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Spiking imported cases put S. Korea's containment efforts in peril

All News 11:47 July 25, 2020

SEOUL, July 25 (Yonhap) -- South Korea's imported virus cases hit a record daily high on Saturday due to an influx of infections coming in from Iraq and Russia, putting more strains on the country's anti-virus fight.

The country added a whopping 86 imported cases, raising the total number of such infections to 2,244, according to the Korea Centers for Disease Control and Prevention (KCDC).

Saturday's daily new imported cases mark the highest-ever since the country reported its first confirmed virus case on Jan. 20.

On Saturday, the country's daily new cases also breached 100 for the first time since April 1.

Imported cases have been rising by double digits for 30 consecutive days.

The record-high number of imported infections came as 36 South Korean workers flown in from Iraq on Friday were confirmed to have contracted the virus.

South Korean construction workers alight from a military plane at Incheon International Airport, west of Seoul, on July 24, 2020, as they return home from coronavirus-hit Iraq. Two KC-330 air refueling tankers arrived back home carrying some 290 people from Iraq amid a worsening outbreak of the new coronavirus in the Middle East country. (Yonhap)

On Friday, two chartered planes brought back nearly 300 citizens from virus-hit Iraq. Health authorities said nearly 90 passengers had symptoms of the new coronavirus.

The number of COVID-19 cases among the returned workers is likely to rise down the road as the country carries out more tests on them, they added.

Russian ships docked at the southern port city of Busan have been also a source of concern for health authorities.

On Saturday, a total of 34 new cases were traced to a 7,733-ton Russian ship that docked in the southeastern port city of Busan on July 8.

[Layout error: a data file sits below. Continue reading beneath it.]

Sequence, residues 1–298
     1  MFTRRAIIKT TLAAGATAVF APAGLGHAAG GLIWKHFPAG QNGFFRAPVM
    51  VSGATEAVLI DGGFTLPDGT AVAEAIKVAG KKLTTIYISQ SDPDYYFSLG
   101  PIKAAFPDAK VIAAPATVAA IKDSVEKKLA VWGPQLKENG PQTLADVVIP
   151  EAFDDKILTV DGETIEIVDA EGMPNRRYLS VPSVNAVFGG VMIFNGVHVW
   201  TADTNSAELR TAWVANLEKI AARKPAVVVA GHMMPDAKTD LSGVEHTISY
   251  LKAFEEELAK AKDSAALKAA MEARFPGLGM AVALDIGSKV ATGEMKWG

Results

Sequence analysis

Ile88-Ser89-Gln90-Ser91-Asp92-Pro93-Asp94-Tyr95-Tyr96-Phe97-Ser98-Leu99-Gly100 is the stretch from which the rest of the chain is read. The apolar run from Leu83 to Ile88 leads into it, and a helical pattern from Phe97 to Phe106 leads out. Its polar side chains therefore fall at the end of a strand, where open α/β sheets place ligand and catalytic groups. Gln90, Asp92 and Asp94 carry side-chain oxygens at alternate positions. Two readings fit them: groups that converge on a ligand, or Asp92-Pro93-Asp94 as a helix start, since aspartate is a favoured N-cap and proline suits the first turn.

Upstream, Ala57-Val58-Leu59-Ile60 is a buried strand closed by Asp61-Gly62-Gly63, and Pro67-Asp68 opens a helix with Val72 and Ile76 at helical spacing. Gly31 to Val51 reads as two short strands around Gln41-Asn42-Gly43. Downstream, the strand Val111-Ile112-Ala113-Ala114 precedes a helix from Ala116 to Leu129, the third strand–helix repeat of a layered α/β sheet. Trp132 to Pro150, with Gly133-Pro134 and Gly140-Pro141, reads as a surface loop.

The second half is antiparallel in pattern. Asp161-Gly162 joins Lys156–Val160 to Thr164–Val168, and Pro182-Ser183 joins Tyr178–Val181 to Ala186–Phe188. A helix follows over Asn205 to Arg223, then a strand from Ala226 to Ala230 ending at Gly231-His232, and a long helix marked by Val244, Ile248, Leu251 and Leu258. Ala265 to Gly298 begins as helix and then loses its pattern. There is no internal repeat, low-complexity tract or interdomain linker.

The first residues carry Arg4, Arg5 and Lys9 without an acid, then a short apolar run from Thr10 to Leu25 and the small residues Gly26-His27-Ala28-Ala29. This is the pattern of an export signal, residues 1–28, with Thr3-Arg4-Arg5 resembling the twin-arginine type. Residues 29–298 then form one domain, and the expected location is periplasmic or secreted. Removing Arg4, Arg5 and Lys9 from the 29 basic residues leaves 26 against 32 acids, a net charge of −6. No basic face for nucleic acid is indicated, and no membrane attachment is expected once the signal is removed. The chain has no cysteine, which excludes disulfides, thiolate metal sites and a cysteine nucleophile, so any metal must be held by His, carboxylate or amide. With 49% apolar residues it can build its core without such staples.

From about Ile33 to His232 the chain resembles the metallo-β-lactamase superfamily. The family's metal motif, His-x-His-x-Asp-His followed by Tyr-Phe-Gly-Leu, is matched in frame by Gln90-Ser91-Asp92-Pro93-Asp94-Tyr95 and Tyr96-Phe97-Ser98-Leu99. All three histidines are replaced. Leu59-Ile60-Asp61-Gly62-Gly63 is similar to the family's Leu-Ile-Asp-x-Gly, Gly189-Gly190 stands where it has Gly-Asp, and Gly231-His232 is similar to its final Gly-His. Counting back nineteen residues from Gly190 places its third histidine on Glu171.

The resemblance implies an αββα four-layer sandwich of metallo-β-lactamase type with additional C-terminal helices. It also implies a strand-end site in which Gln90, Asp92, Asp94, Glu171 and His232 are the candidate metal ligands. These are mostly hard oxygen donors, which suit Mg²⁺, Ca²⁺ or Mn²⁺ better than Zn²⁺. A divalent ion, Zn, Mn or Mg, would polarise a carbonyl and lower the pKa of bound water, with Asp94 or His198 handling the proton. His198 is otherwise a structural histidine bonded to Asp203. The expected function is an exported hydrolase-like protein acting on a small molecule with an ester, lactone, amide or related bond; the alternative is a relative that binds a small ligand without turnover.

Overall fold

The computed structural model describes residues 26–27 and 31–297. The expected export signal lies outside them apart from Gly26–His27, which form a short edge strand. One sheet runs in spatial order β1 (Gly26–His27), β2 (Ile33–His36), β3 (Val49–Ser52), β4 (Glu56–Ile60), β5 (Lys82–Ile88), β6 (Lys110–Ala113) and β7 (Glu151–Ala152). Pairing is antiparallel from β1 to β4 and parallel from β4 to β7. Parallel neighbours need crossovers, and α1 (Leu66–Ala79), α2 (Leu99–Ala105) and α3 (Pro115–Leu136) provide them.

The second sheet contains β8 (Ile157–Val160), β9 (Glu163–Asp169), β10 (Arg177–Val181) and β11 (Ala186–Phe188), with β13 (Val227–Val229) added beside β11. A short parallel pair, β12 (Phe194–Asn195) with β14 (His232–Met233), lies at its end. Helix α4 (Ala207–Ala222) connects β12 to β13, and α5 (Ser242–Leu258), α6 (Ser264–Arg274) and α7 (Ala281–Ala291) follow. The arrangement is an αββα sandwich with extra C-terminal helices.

Since June, South Korea has identified around 80 virus cases from eight Russian ships docked here.

The country, which has been considered one of the most successful nations in the fight against the pandemic, has been strengthening quarantines against arrivals from overseas as the number of new cases has shown no signs of a slowdown globally.

South Korea has been requiring foreigners arriving from six high-risk countries to submit a certificate showing they tested negative for the new coronavirus.

Some 290 South Korean construction workers leave an arrival gate of Incheon International Airport, west of Seoul, on July 24, 2020, as they return home from coronavirus-hit Iraq on two chartered airplanes. (Yonhap)

The country placed six countries -- Bangladesh, Pakistan, Kazakhstan, Kyrgyzstan, the Philippines and Uzbekistan -- on a list of such high-risk countries. It is also considering adding Russia to the list.

Currently, all arrivals, including South Korean nationals, are forced to put themselves under a two-week quarantine.

Of the imported cases, around half of them were screened at checkpoints.

Asian countries, excluding China, accounted for 42 percent, and the Americas took up 32.4 percent. Those from China accounted for less than 1 percent, although South Korea reported its first COVID-19 case from a Chinese person on Jan. 20.

Around a third of the patients from the accumulated imported cases were foreign nationals.


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